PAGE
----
|Marie de France
|Late 12th Century
|Literature and Humanities 1 (YCC1111);
Medieval Romance: Magic and the Supernatural (YHU2309);
Real and Imagined Animals in Medieval Literature (YHU2330)
The Lais of Marie de France are a series of twelve lai poems written by Marie de France that are primarily concerned with the ideas of courtly love and chivalric romance. They are highly notable for influencing the development of the medieval romance genre, including the renowned Arthurian romance.
Marie’s lais frequently feature two “destined” lovers. True to the chivalric romance conventions, the lais typically depict a nobleman (often a king, or knight) and a beautiful noblewoman (often a queen or an aristocrat’s daughter) who fall in love with each other upon knowing each other’s existence. It is common for one of these lovers to have already been married to another, usually not out of mutual affection but through arrangement. From such a premise, Marie’s lais will go on to focus on the quest for fulfillment of their love, which tends to take the form of illicit affairs and illegitimate children, with the involvement of supernatural and otherworldly elements. One or both lovers may die, and if so, this usually occurs directly or indirectly because of a third party’s jealousy and anger. In these cases, the narrative may shift toward their illegitimate child, who will then seek vengeance and restore the honour of their parents’ love.
The illicit affairs are almost never depicted negatively by Marie, in fact they seem to be deemed righteous when the love between two parties is mutual and purely stemming from affection. This gives Marie’s lais a rather unique brand of morality that can drive unexpected developments in the narrative, with the possibility for both ideal and tragic endings that provide closures without the modern concept of “poetic justice”.
FORM AND STRUCTURE
Marie’s lais are written in eight-syllable lines with rhyming couplets. The length of the lais vary greatly, ranging from as brief as 118 lines (“Chevrefoil”) to as long as 1184 lines (“Eliduc”).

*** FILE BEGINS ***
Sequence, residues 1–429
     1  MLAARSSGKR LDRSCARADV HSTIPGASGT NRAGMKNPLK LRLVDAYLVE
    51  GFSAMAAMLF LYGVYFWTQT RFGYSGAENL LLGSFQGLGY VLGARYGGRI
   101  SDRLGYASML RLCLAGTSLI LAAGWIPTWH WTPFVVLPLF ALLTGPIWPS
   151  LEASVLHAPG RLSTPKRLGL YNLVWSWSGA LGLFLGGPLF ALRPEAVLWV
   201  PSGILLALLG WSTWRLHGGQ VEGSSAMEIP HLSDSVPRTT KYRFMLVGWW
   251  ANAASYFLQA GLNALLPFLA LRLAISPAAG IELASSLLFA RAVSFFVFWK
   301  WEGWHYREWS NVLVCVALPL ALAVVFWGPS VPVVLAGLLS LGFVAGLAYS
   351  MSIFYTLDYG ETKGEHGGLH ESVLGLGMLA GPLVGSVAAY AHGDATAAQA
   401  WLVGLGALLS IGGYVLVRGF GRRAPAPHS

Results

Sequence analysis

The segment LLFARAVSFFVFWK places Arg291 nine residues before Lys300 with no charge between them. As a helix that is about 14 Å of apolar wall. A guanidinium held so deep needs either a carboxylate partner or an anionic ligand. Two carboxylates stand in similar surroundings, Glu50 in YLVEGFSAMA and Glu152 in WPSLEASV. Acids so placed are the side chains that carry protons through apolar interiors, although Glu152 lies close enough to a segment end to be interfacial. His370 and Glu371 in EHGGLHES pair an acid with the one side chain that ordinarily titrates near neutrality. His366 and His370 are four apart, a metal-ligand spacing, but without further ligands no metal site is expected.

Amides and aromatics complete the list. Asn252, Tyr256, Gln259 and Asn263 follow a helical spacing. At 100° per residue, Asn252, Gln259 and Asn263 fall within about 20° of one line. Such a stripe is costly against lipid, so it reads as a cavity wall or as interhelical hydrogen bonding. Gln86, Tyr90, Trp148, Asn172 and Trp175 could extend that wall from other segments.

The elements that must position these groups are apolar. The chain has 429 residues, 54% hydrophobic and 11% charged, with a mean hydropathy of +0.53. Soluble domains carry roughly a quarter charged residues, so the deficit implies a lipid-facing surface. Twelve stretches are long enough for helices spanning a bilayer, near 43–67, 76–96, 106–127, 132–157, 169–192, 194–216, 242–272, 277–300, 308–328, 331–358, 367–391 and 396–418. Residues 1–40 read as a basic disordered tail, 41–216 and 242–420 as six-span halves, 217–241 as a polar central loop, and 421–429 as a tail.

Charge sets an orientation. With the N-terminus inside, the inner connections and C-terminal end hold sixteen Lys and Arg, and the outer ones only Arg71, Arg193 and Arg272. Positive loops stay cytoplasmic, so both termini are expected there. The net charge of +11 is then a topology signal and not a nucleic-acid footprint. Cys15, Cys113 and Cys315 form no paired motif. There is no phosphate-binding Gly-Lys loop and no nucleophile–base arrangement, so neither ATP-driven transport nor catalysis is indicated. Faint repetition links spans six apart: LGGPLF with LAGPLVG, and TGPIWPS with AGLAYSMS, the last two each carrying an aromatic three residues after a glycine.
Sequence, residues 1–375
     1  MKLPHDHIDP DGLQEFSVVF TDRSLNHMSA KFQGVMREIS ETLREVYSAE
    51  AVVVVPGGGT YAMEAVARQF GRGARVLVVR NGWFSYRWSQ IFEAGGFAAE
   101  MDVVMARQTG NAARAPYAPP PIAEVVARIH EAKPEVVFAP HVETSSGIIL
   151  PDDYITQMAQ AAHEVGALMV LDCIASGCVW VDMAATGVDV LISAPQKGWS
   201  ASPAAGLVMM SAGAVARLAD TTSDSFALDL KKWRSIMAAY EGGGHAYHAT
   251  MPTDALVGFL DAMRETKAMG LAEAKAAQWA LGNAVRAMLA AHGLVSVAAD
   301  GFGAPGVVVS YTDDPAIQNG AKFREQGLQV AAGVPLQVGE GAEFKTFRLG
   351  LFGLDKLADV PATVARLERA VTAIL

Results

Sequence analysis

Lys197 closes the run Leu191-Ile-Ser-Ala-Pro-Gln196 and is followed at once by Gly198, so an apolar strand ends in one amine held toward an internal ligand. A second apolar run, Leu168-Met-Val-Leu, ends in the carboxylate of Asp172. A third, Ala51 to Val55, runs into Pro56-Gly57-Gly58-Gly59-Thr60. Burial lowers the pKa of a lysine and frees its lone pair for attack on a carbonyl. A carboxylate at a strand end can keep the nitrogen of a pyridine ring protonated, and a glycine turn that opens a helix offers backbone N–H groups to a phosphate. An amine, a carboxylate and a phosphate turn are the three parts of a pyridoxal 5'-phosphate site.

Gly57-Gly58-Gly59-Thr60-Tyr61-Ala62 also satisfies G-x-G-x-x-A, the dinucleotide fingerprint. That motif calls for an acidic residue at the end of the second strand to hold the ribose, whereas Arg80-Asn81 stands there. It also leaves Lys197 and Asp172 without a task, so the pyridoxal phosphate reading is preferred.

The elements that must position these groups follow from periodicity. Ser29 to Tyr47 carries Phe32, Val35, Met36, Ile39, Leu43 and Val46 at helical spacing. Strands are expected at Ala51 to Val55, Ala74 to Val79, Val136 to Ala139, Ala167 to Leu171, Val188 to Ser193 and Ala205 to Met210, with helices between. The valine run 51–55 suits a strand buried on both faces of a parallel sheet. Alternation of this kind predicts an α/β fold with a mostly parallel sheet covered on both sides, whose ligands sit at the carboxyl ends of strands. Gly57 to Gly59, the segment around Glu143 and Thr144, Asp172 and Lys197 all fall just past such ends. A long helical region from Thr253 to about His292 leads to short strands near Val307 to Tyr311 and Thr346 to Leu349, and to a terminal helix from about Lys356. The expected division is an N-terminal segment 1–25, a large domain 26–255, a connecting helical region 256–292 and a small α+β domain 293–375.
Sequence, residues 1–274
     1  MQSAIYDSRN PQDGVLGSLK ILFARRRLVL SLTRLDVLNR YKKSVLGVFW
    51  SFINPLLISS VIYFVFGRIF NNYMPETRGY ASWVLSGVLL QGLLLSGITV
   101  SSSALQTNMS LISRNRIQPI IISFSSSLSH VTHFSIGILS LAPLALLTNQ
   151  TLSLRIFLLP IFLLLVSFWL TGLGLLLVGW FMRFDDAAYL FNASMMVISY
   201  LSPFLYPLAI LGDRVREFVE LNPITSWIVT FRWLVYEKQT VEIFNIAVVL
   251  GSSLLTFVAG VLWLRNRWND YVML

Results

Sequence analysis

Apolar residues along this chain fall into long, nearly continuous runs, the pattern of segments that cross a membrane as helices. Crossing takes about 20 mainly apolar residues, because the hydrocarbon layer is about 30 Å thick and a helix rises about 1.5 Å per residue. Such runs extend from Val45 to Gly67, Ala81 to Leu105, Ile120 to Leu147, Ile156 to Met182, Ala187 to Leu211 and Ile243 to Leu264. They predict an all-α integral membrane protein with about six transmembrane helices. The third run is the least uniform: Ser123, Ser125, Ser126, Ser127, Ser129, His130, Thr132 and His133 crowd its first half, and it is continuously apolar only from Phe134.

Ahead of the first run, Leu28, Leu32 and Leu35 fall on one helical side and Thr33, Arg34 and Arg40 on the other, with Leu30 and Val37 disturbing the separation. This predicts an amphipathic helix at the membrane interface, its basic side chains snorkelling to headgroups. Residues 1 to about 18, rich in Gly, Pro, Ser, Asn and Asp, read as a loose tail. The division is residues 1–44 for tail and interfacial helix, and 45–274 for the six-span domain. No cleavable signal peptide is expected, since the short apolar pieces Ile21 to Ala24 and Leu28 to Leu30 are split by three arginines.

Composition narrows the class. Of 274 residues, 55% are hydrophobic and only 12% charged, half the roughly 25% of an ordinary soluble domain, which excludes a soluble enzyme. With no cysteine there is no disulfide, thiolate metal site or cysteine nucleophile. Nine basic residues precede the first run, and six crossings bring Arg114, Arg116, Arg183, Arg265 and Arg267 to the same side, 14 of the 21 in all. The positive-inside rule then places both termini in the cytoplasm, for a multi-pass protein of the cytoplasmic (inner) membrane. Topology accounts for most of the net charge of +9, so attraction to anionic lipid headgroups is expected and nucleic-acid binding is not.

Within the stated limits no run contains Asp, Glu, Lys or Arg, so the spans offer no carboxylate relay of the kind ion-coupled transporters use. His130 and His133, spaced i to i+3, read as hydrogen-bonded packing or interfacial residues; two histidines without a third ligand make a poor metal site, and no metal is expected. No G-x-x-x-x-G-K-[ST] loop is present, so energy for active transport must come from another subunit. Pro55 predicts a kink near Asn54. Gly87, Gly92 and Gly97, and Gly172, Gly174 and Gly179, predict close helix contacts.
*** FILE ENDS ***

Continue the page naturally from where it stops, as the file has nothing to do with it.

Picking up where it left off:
The twelve lais are ordered in the following manner:
- Le Fresne
- Les Deus Amanz
- Le Chaitivel
The Harley 978 manuscript is the only manuscript that contains all twelve of the lais, along with Marie’s prologue. While it cannot be said for certain if the order of the lais is of any significance, there has been speculation that they alternate between positive and negative actions (and consequences) that can arise from love, such that the odd lais tend to conclude with good endings while the even ones tend to conclude with bad endings (Ferrante 53).
Nonetheless, due to the lack of sufficient information, the abovementioned conjectures remain open to debate. More importantly, such structural concerns about the arrangement of Marie’s lais constitute more of a problem for the modern reader than her audience in the Middle Ages. It is also noteworthy that while Marie’s lais could be read as secular, there had yet to be any real distinction between secular and religious cultures in the late 12th century. Neither are Marie’s works in any way truly against the religious establishment. While the lais may present some form of critique or deviation, they also show a keen interest in exploring the possibilities of fiction, the joy and relief of escapism, and alternate realities. Therefore, Marie’s writing could be seen more as a thought experiment that allows her to assume different vantage points to examine themes that were of interest to her.
“Eliduc” does not seem to fit within this theory, however, though it is possible that Marie wished to end the collection on a good note and with a religious acclamation – a common trend in poetry during that period of time. However, this appears to contradict the world of Marie’s lais, which has been argued to be consistently and firmly secular (Kinoshita and McCracken 51). The case of the uncharacteristically devout ending of “Eliduc” has thus been seen as palinode for the collection’s various radical propositions (Kinoshita and McCracken 91), perhaps to avoid persecution from authorities. Others have read the range of attitudes toward dominant feudal and patriarchal structures across individual lais—some submissive, others subtly subversive or overtly resistant—as ideally suited to twelfth-century reading culture, in which subsequent discussion and debate was a crucial element of the reception of texts (Fisher 209).
GENRE AND LANGUAGE
Prior to the time of Marie’s writing, literary narratives tended to focus either on the quest for martial glory or on the spiritual experience of devotion. By contrast, Marie’s Lais represent a radical transformation of subject matter: while Marie retains some elements of adventure, quest, and journey from epics, she shifts much of the focus to the experience of an idealised, refined, courtly love. The emphasis on inner feeling and self-fulfilment through secular love, to which earlier texts had given little importance, would fundamentally reshape literary representations of human experience.
In addition, Marie’s lais are notable for being written in the vernacular instead of Latin, which would have been the formal language of writing in many areas during that period. In Marie’s prologue to the lais, she claims that she is translating Breton lais that she has heard. In order to keep these stories from being forgotten, she will set them in writing and in verse, at the same time translating them into Old French. The lais thus occupy a liminal position between orality and writing and at the intersection of multiple languages: derived originally from Welsh narratives, preserved in Brittany, then rewritten in England by a French-speaking author for an audience that primarily spoke Anglo-Norman.